State Bedrooms were a fashionable addition to country houses in the 18th century despite often being infrequently used. They were reserved only for very important visitors. At Harewood the State Bedroom welcomed two very famous guests, a young Princess Victoria in 1835 before her coronation and the Grand Duke Nicholas of Russia in 1816.
During the Victorian period this room was converted into a sitting room. Chippendale’s magnificent bed was dismantled and put into storage, half forgotten, until it was rediscovered in the 1970s. It was not till 1999 that funding was found to begin the restoration project. It was a major undertaking. Although much of the ornately carved and painted decoration had been carefully stored, nearly 150 years had passed and quite a lot was missing. Nobody knew exactly what the bed would have looked like in the first place. Chippendale never made another one like it and there were no recorded images giving clues to the bed’s appearance.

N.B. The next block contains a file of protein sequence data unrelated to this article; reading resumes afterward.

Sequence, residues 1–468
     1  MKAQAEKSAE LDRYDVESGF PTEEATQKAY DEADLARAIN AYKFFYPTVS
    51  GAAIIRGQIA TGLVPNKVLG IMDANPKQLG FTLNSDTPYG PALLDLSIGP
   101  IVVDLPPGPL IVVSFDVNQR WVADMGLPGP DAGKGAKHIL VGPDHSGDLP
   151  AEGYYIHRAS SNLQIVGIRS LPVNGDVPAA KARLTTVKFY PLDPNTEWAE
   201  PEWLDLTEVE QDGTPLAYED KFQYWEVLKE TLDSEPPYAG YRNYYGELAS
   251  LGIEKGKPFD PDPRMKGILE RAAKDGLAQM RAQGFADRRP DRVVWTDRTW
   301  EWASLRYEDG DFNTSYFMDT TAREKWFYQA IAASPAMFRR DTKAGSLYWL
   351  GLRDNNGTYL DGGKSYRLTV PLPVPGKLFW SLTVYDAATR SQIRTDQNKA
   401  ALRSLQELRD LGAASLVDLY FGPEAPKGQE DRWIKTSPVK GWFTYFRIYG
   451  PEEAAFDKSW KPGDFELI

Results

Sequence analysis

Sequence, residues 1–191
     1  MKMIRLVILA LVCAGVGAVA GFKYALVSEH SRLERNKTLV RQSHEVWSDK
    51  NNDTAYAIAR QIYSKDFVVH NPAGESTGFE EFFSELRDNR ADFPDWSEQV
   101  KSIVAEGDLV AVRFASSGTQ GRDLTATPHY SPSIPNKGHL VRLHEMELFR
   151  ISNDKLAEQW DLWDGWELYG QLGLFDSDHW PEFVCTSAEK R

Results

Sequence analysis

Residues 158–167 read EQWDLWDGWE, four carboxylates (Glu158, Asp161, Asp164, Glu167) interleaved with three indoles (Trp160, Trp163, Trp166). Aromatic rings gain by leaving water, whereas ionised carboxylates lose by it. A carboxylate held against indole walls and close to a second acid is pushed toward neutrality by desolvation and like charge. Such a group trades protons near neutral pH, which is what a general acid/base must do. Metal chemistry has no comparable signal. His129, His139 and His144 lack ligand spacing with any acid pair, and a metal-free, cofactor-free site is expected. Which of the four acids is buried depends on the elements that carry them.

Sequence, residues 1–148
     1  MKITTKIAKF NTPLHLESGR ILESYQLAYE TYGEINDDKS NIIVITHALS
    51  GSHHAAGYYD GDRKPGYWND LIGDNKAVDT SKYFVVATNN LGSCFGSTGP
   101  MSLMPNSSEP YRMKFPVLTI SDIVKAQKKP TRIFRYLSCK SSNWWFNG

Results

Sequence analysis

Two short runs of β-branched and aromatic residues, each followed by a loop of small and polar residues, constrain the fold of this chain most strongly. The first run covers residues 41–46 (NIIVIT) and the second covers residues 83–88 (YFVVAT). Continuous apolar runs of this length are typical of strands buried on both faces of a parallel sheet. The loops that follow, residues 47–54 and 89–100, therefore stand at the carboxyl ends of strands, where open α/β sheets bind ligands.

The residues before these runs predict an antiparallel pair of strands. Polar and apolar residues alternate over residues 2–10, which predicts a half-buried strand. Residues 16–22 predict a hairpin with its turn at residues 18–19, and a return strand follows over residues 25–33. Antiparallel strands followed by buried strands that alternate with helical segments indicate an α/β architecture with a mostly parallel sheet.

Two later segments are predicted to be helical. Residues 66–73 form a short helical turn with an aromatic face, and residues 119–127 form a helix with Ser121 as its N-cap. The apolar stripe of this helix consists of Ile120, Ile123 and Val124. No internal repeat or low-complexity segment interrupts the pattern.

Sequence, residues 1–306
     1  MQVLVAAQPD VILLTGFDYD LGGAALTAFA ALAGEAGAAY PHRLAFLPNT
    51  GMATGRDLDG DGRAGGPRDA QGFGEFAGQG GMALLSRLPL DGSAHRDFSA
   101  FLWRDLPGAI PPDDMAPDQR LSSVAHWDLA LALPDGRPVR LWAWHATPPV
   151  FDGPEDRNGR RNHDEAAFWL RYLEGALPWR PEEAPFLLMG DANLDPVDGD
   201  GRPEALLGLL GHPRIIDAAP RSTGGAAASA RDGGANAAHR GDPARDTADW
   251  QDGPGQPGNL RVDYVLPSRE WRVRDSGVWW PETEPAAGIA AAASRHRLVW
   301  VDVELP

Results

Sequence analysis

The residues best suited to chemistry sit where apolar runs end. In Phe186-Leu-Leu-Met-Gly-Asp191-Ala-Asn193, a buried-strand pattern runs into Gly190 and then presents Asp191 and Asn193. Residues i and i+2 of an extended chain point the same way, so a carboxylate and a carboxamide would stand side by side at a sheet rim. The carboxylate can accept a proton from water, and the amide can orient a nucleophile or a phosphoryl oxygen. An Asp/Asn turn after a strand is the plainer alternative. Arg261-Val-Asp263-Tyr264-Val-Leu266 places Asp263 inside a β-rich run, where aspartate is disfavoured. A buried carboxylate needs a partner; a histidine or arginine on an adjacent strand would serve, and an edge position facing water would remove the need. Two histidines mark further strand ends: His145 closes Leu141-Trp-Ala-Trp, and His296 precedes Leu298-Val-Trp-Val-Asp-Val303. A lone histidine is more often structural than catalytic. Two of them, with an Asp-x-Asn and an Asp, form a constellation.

The end result is a tribute to the skill and imagination of the furniture historians and the expert craftsmen who worked on it. It now stands as one of Chippendale’s most extraordinary creations, a masterpiece of English furniture.
The Robert Adam design is featured heavily with the ceilings coordinating with the vivid colours of the State Bed.
Two more of Chippendale’s finest pieces, designed for the State Dressing Room (now the Spanish Library) are also on display here: a marquetry satinwood secretaire and the Diana and Minerva Commode, which, with its intricate ivory inlay, elegant lines and drawers that whisper shut is often referred to as his single greatest work.